Amulet of Vigor is a scary Magic card. Anyone who’s played against this seemingly innocent artifact in Modern Amulet Titan knows just how powerful it can be. Amulet of Vigor, especially when stacked, can create lopsided situations where lands intended to function as a slower way to consolidate resources end up becoming absurd ramp pieces that generate a ton of mana quickly. Simic Growth Chamber without Amulet of Vigor bounces your land and ensures you have a land to play the next turn. Simic Growth Chamber with Amulet of Vigor immediately generates two mana. With two Amulets, it generates four.
Cards that change the way that intended resource systems function with other effects have historically been devastating in MTG. Fast mana like Black Lotus and Sol Ring that completely undermined the land resource system remain some of the best cards in MTG’s history.
Spelunking is no Black Lotus. It’s not even as good as Amulet of Vigor. Regardless, a lot of MTG players are freaking out about this card’s potential in the Pioneer format, and that’s because Pioneer has never had something like Spelunking before. The set has not even released yet, and players are already beginning to try and break Pioneer with a new turn three land combo.
Spelunking immediately started ringing alarm bells for any player who is even somewhat familiar with the Amulet Titan archetype. For three mana, Spelunking cantrips and allows you to play another land. You gain four life if that land happens to be a Cave.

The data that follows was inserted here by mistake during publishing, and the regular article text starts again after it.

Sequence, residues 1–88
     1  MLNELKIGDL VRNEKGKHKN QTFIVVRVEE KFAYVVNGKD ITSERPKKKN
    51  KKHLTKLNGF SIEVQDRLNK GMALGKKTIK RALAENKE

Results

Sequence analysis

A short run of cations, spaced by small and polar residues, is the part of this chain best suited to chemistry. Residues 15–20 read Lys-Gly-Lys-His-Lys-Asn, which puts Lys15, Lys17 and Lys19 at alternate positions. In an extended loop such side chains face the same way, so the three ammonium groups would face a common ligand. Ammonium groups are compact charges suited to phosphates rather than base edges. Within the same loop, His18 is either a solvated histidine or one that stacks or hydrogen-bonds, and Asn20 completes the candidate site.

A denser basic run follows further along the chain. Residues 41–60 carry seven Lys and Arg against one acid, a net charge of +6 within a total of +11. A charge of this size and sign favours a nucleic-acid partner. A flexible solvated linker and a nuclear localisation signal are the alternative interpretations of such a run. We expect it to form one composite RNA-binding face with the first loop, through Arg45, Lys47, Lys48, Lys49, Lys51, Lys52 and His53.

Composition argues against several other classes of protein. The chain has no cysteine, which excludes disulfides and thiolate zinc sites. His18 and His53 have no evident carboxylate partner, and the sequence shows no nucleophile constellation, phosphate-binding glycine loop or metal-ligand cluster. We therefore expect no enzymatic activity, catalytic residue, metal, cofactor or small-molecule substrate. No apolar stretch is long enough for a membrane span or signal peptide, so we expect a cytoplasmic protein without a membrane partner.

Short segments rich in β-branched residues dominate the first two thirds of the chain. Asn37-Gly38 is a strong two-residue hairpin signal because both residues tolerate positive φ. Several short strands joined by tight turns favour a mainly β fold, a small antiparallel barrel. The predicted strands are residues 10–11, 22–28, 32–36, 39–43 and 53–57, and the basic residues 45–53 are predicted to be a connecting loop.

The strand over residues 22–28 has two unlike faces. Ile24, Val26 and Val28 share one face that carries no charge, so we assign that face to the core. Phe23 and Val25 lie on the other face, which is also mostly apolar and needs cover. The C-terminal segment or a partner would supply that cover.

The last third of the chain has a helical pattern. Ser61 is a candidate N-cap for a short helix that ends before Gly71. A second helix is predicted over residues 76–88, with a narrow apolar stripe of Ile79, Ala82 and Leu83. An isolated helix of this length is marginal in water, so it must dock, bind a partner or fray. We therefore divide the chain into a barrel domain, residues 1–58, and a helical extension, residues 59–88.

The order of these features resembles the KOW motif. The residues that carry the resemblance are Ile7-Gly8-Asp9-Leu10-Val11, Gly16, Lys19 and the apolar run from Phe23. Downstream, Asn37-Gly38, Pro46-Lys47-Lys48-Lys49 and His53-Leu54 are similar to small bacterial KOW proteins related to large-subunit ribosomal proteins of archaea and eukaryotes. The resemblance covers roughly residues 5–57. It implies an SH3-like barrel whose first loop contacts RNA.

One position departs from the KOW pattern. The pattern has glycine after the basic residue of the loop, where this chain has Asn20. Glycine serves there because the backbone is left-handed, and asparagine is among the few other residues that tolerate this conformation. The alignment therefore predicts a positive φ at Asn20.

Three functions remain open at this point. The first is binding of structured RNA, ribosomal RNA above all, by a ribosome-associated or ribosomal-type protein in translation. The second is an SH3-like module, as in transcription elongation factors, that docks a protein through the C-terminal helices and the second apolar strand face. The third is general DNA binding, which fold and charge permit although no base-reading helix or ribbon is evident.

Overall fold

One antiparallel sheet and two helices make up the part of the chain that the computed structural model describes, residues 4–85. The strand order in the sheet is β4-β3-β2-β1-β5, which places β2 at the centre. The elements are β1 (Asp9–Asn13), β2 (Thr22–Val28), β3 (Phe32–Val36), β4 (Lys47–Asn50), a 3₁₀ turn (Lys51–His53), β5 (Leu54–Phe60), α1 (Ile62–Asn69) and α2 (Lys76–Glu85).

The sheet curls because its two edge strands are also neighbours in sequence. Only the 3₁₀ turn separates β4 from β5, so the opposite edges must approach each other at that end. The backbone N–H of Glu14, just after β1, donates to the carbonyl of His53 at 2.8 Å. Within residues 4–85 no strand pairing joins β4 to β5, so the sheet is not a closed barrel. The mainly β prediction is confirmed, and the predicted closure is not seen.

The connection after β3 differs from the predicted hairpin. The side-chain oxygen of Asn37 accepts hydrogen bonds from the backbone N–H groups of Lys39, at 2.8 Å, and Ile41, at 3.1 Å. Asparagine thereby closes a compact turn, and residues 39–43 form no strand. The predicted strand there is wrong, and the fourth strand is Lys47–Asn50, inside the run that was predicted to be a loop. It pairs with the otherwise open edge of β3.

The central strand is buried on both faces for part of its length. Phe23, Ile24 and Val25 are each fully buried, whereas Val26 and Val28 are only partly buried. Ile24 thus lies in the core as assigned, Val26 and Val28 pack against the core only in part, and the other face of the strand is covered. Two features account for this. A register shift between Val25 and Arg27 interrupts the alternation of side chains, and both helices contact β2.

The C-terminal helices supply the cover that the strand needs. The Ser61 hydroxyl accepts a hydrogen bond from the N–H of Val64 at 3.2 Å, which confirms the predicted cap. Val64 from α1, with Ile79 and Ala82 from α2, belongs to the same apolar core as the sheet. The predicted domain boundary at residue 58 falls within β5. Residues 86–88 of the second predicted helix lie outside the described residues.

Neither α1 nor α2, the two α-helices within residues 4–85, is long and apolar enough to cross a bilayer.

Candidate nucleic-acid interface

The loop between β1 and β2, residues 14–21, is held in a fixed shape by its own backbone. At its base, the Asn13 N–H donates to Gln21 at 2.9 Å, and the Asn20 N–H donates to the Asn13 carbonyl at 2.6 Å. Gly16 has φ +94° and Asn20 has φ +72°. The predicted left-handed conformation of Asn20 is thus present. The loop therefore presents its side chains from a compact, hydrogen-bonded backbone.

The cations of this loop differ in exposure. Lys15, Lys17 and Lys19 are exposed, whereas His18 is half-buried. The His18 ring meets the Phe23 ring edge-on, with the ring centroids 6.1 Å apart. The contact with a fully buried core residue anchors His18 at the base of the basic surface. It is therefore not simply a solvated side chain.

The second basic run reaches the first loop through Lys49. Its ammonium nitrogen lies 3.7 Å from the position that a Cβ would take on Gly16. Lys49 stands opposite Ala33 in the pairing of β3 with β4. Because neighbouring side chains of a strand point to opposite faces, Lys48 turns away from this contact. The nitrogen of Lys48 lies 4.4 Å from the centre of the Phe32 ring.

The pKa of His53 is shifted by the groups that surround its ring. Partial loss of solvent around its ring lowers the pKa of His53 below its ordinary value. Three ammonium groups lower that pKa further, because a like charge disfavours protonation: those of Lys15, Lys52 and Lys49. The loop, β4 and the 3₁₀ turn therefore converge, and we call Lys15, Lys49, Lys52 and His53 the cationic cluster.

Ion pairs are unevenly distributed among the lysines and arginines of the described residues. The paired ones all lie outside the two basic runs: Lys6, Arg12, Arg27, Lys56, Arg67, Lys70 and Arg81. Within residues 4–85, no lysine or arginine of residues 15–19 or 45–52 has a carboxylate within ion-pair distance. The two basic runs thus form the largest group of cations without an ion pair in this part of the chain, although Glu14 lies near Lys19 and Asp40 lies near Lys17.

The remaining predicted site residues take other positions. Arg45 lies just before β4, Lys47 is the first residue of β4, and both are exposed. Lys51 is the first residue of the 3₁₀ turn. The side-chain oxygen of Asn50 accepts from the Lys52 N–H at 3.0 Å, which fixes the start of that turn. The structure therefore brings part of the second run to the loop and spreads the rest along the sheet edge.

The real line of text that players care about, however, is rather simple: your Lands enter play untapped. This has led to a lot of brewing from the MTG community. While this exact list doesn’t quite work, it’s not difficult to iron it out.
This simple line of text allows Spelunking to absolutely break some existing cards in the Pioneer format that did not have previous homes. Scapeshift is the biggest feature here since, instead of finding a bunch of lands that enter tapped, Spelunking will allow those lands to enter untapped. Combine that with lands that generate a ton of mana, and you have an incredible ramp engine. You can turn four lands with Scapeshift into 12 mana by finding four untapped Lotus Field!
Of course, the issue with this plan is your Lotus Fields will sacrifice themselves thanks to their ETB ability. The whole reason why Lotus Field Combo decks in Pioneer utilize Thespian’s Stage in the first place is to avoid having to sacrifice four lands to get two Lotus Fields into play.
What if I told you that, for this Spelunking Scapeshift strategy, the sacrificial ETB on Lotus Field is actually an upside?
The Other Pieces
Spelunking not only happens to break Scapeshift, but it also happens to break Splendid Reclamation. Instead of reanimating all of your lands tapped, you get to reanimate them untapped instead. This happens to synergize extremely well with Scapeshift. One dumps a bunch of lands into your graveyard for new ones, and the other reanimates all of the lands the other sacrificed. With Spelunking, all of these actions generate a ton of mana.
All that’s left is to find a win condition. Since we’re searching and reanimating lands, it would be best to do that with lands, and lands alone. As you may imagine, there is a way to win the game with just Scapeshift, Splendid Reclamation and Spelunking.
Mystic Sanctuary is a Pioneer legal land from Throne of Eldraine that has been banned in Modern. The ability to Fetch for this card and return an instant or sorcery to the top of your library created counterspell loops that would lock players out indefinitely. Mystic Sanctuary is powerful, and it can be used here to devastating effect.
When combined with a land that draws cards, like Roadside Reliquary or Cryptic Caves, you can draw your entire library. By resetting Scapeshift and Splendid Reclamation with Mystic Sanctuary, you can search your library for every single land, get them into play, and reanimate them repetitively to repeat ETB effects. Don’t worry about running out of lands, either. Lotus Field’s sacrificial ability can function as a way to repeat your ETBs via another Splendid Reclamation.